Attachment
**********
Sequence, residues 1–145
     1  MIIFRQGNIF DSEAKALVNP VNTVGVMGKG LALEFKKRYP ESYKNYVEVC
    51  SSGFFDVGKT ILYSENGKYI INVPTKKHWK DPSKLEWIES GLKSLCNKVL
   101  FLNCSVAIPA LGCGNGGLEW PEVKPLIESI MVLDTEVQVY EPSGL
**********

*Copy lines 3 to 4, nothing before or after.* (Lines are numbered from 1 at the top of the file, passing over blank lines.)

    51  SSGFFDVGKT ILYSENGKYI INVPTKKHWK DPSKLEWIES GLKSLCNKVL
   101  FLNCSVAIPA LGCGNGGLEW PEVKPLIESI MVLDTEVQVY EPSGL